ORAL HEALTH EVIDENCE-BASED PRACTICE PROGRAM
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Title Composite Resin with an Epoxy-Based Monomer System May be less Susceptible to Failure Than Traditional Methacrylate-Based Resins
Clinical Question In teeth restored with dental composite, does a composite with an epoxy-based monomer system, compared to a composite with traditional methacrylate chemistry, result in less restoration failure due to reduced resin degradation and subsequent formation of secondary caries?
Clinical Bottom Line Traditional methacrylate composite resins are susceptible to chemical and enzymatic degradation and secondary caries. Composite resins with an epoxy-based monomer system are less susceptible to this degradation and may last longer clinically.
Best Evidence (you may view more info by clicking on the PubMed ID link)
PubMed ID Author / Year Patient Group Study type
(level of evidence)
#1) 21469404Mirmohammadi/20115 materials, 6 groups of N=30 per materialLaboratory study
Key resultsTwo methacrylate-based and one silorane-based direct composite, and two indirect methacrylate-based composites, were subjected to chemical or enzymatic degradation. Flexural strength and rotary fatigue resistance were then measured. The enzymatic degradation of the methacrylate-based direct composites was found to be significant. It was not significant in the silorane or indirect composites. Esterase, an enzyme found in human saliva, degrades methacrylate-based resin monomers at ester bonds. This effect is not seen with indirect composites even though they are also methacrylate-based. This is likely because indirect composites are cured extraorally, often with heat and in vacuum, yielding a higher degree of conversion and crosslinking of the resin matrix. This provides superior mechanical properties and makes indirect composites more resistant to degradation than direct methacrylate-based resins. Silorane-based composite appears resistant to this degradation. It can be inferred that this quality is likely due to the absence of ester bonds in the resin, thus preventing esterase activity from degrading the composite.
Evidence Search composite resin AND degradation AND fatigue; composite resin AND degradation AND secondary caries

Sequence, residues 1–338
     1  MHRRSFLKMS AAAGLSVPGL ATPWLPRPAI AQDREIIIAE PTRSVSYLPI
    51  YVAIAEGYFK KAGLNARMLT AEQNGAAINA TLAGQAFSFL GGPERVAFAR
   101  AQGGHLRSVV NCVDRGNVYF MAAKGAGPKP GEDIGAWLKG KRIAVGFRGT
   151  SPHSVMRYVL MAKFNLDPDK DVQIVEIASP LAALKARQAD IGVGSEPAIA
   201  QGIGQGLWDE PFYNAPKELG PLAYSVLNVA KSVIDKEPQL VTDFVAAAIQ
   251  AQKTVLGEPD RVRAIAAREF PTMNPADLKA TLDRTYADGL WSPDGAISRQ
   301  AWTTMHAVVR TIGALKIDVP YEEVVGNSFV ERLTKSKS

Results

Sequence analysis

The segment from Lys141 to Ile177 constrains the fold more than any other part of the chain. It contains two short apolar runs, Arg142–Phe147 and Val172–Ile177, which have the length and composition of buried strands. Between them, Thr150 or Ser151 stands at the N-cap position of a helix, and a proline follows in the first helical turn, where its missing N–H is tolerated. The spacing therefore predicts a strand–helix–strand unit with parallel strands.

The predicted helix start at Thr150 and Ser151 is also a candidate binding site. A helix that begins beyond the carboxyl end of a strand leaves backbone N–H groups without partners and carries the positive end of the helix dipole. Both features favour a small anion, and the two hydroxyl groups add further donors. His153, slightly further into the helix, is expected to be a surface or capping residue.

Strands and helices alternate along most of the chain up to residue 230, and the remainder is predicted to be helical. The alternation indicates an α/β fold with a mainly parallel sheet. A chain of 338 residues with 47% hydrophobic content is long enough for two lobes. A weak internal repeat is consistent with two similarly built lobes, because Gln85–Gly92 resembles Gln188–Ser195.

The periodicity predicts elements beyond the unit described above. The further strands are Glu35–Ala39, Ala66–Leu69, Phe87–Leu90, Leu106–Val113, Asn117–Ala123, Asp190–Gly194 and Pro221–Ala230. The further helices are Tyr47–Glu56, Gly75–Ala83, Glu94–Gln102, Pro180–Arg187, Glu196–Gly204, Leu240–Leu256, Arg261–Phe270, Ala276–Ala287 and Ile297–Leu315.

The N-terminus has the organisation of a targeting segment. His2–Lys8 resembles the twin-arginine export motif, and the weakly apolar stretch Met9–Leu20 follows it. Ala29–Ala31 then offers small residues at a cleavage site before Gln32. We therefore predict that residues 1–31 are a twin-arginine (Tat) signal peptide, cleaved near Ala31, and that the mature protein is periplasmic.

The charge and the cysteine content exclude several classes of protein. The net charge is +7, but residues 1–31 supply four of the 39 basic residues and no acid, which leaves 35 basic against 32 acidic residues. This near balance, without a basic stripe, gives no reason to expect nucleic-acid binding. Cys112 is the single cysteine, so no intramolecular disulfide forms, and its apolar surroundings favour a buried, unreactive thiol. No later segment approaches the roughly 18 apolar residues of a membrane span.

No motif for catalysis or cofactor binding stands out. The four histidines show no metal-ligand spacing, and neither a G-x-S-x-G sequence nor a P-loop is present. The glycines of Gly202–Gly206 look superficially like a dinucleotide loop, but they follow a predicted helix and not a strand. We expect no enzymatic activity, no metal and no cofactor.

Comments on
The Evidence
Validity: Mirmohammadi indicated that flexural strength measurements alone do not represent clinical performance and suggested fracture toughness and fatigue studies are needed. The study is an in vitro study, a low level of evidence. However, an in vivo study assessing the biodegradation of resin would be time consuming. Perspective: There are many in vitro studies assessing the biodegradation mechanisms of composite, but few compare resins with different chemistries. This evidence suggests the production and clinical use of novel non-methacrylate based resin systems or even methacrylate-based indirect composites may decrease the public health burden of replacement dentistry.
Applicability Traditional methacrylate-based direct composites are the most commonly placed resin type and are the most susceptible to degradation in the oral environment. Novel resin chemistries may provide better mechanical properties and reduce the sensitivity of the restoration to degradation and subsequent secondary caries. Resin composites without ester functional groups may be less prone to degradation and therefore increase restoration longevity. This may reduce the number of restorations replaced per year due to failure. This evidence should be considered in further research to develop novel resin chemistries and when purchasing composite resin for use in clinical practice.
Specialty/Discipline (General Dentistry) (Pediatric Dentistry) (Prosthodontics) (Restorative Dentistry)
Keywords Composite, resin, degradation, secondary caries, failure.
ID# 2794
Date of submission: 12/02/2014spacer
E-mail wshute@gmail.com
Author Wesley Shute, DDS
Co-author(s)
Co-author(s) e-mail
Faculty mentor/Co-author Kyumin Whang, PhD
Faculty mentor/Co-author e-mail whang@uthscsa.edu
Basic Science Rationale
(Mechanisms that may account for and/or explain the clinical question, i.e. is the answer to the clinical question consistent with basic biological, physical and/or behavioral science principles, laws and research?)
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Comments on the CAT
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